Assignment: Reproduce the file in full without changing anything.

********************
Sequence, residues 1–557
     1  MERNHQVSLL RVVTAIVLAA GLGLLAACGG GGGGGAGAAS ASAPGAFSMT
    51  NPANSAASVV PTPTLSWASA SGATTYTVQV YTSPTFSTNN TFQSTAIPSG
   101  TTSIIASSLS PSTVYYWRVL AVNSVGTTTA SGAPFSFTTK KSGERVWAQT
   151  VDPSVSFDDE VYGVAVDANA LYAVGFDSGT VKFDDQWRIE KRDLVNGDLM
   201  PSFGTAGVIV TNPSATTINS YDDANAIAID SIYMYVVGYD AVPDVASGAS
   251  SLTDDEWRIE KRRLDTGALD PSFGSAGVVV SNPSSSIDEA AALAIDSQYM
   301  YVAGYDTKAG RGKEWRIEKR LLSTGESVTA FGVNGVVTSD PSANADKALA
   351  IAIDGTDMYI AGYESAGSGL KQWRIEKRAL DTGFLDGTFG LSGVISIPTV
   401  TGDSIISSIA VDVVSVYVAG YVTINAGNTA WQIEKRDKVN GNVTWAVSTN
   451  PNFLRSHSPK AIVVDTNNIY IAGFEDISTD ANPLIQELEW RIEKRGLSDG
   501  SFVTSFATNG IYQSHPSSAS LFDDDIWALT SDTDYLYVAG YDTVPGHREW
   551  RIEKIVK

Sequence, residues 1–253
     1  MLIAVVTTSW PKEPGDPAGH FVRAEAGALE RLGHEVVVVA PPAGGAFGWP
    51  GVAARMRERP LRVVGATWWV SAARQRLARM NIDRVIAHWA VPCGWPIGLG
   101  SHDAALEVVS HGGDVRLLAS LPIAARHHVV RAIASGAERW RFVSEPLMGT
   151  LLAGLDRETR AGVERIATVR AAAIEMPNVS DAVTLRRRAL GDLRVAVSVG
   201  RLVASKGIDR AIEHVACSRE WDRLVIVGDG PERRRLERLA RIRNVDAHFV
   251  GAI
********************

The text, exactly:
Sequence, residues 1–557
     1  MERNHQVSLL RVVTAIVLAA GLGLLAACGG GGGGGAGAAS ASAPGAFSMT
    51  NPANSAASVV PTPTLSWASA SGATTYTVQV YTSPTFSTNN TFQSTAIPSG
   101  TTSIIASSLS PSTVYYWRVL AVNSVGTTTA SGAPFSFTTK KSGERVWAQT
   151  VDPSVSFDDE VYGVAVDANA LYAVGFDSGT VKFDDQWRIE KRDLVNGDLM
   201  PSFGTAGVIV TNPSATTINS YDDANAIAID SIYMYVVGYD AVPDVASGAS
   251  SLTDDEWRIE KRRLDTGALD PSFGSAGVVV SNPSSSIDEA AALAIDSQYM
   301  YVAGYDTKAG RGKEWRIEKR LLSTGESVTA FGVNGVVTSD PSANADKALA
   351  IAIDGTDMYI AGYESAGSGL KQWRIEKRAL DTGFLDGTFG LSGVISIPTV
   401  TGDSIISSIA VDVVSVYVAG YVTINAGNTA WQIEKRDKVN GNVTWAVSTN
   451  PNFLRSHSPK AIVVDTNNIY IAGFEDISTD ANPLIQELEW RIEKRGLSDG
   501  SFVTSFATNG IYQSHPSSAS LFDDDIWALT SDTDYLYVAG YDTVPGHREW
   551  RIEKIVK

Sequence, residues 1–253
     1  MLIAVVTTSW PKEPGDPAGH FVRAEAGALE RLGHEVVVVA PPAGGAFGWP
    51  GVAARMRERP LRVVGATWWV SAARQRLARM NIDRVIAHWA VPCGWPIGLG
   101  SHDAALEVVS HGGDVRLLAS LPIAARHHVV RAIASGAERW RFVSEPLMGT
   151  LLAGLDRETR AGVERIATVR AAAIEMPNVS DAVTLRRRAL GDLRVAVSVG
   201  RLVASKGIDR AIEHVACSRE WDRLVIVGDG PERRRLERLA RIRNVDAHFV
   251  GAI